Marilyn Scull of Park Avenue Coffee and Ann & Allen Baking Company
This is part one of Robin Wheeler's Chef's Choice interview with Marilyn Scull of Ann and Allen Baking Company and Park Avenue Coffee. Part two, a Q&A, is here, and part three, a recipe from Scull, can be found here.
Marilyn Scull isn't where she thought she would be.
"Because I loved to do it, baking was something I saw as fun, but I never thought I could make a living at it. I don't know why. Because, I guess, I'm one of those people that if it's not broke, don't fix it. So I was at Domino's for twenty years. Why would I go look for another job? I've had only three jobs in my entire life. I was OK, good, I'm here and making the money I need. I was satisfied. It never really occurred to me until we got the coffee shop."
But when she got fed up with her corporate food-service job and quit, her brother Dale was sitting on an offer to purchase the coffee house. He asked her to be the manager, which led to a little bit of baking in the coffee house's basement.
Four years later that "little bit of baking" has morphed into Ann & Allen Baking Company and four baking mixes Scull developed, set to launch at the Summer Fancy Foods show later this month.
"I don't see what I do as that extraordinary, but Dale thinks it's amazing," Scull says. "When we started doing the boxed-mix thing, everyone who came in or talked to us about it has said, 'But people usually have to hire people to do that.' I'm like, really? When you go and see your product sitting on a table or shelf next to Barefoot Contessa? I'm like, oh my God, look! This is crazy! I did this!"
Scull has every reason to be surprised by her success. "I've never had any training except for my mom," she says. "We would always make cookies. When I wasn't even old enough to walk, I was crawling up the cabinet to get on the counter and help her stir. I loved cooking, but I loved baking more than cooking. Making dinner was boring."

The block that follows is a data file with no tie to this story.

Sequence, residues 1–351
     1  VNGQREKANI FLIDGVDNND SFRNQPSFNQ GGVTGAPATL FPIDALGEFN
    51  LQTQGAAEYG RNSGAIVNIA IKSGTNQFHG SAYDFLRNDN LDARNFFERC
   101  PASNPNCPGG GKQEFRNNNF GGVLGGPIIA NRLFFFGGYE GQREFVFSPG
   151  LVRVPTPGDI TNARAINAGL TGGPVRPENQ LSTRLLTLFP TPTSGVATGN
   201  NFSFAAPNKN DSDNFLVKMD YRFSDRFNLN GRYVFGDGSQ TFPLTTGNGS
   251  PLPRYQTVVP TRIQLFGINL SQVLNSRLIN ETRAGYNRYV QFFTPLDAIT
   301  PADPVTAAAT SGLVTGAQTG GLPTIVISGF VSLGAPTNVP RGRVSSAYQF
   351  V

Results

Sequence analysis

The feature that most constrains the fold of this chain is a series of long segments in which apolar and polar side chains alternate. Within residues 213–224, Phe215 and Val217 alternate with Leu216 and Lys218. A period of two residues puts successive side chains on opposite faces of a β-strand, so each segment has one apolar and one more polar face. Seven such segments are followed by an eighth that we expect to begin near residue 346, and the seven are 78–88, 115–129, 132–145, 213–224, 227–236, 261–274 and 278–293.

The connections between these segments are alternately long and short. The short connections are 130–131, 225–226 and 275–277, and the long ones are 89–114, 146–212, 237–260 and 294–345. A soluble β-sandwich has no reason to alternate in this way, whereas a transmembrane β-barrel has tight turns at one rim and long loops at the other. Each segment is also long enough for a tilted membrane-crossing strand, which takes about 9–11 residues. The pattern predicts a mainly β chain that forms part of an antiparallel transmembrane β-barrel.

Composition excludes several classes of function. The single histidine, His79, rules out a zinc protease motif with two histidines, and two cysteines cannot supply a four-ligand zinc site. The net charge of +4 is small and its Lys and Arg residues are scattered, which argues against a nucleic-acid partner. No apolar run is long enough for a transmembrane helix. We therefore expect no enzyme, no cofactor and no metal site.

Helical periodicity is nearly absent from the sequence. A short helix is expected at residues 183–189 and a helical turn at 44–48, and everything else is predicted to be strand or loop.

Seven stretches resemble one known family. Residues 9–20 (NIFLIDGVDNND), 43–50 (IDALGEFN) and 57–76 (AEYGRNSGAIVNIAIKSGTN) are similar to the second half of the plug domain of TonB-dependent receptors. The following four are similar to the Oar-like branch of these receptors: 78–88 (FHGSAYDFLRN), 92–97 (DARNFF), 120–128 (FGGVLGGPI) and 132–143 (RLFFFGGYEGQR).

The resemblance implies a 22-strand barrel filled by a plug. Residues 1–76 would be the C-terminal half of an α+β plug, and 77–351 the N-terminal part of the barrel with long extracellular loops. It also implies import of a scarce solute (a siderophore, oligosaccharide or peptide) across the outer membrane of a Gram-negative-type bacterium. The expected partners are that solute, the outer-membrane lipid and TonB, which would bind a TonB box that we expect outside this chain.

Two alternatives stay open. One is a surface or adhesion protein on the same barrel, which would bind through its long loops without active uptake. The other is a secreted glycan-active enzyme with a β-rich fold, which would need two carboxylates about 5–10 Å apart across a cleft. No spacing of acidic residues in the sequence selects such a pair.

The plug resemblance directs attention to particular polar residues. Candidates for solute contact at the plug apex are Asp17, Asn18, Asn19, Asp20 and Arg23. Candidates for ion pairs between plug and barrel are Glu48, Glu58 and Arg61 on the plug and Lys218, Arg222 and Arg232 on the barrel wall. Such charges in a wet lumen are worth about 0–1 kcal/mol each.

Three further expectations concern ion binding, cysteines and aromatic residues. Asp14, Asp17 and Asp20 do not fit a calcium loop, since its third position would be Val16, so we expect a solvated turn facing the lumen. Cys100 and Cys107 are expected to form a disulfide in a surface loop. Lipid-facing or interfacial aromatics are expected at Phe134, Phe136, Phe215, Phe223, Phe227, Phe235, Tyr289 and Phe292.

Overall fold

After a semester at college, she started in the food-service business -- Burger King, then Domino's for twenty years. "I loved my job until I got into upper management. I thought I wanted to be there, but when I got there it wasn't really what I wanted. It was a lot of sitting in front of Imo's down the street and counting how many cars go in in an hour. It wasn't fun. I wanted to be making the pizzas, talking to the customers. That's where my specialty was: customer service and making things.
"I just got mad at one of my bosses one day and put in my two weeks' notice. That night I pulled into my driveway, looking at my new house that I'd just bought and I'm like, oh my God, what did I just do? I've worked here for twenty years. Where am I going to get a job where I can get that kind of money? And that's when I called Dale, crying. He always says it was fate."
Fate because, two days prior, a friend had offered to sell Schotte her coffee shop. He'd planned to turn down the offer, but with his sister out of work with two decades of food-management experience, they opted to give the business a try.
"Our mom told us not to do it. Literally. Dale owns the business, and I worked for him. It was a little different at first. It was a lot of pulling teeth for both of us to get to the point where we are right now. He still makes me mad. I still make him mad. But we can work together."
In the two years that led up to their business venture, she and her brother went about making some changes in their relationship. "I lived in Florissant. He lived in U. City. We wouldn't see each other except birthdays, Christmas and holidays," Scull says. "We didn't really know each other as adults.
"We decided we were going to do 'date nights.' I love musicals. He loves musicals. We decided that one year he'd pay for two season tickets to the Broadway musicals at the Fox, the next year I'd pay for it. We started seeing each other more, going out to dinner, and getting to know each other more. As an adult you can sometimes get away from it."
Both siblings make it clear that Scull is the baker, but they still work closely together. "We have such a great balance. I like things in order, same way every time, why change it if it works? And he's like, 'I want it faster, better.' He's all about pulling me out of my comfort zone, and I don't like that sometimes. When you're a baker, you have to follow the recipe. It's not like cooking. You can't add a little of this and get a different flavor."
Which is how they got into the gooey butter cake business.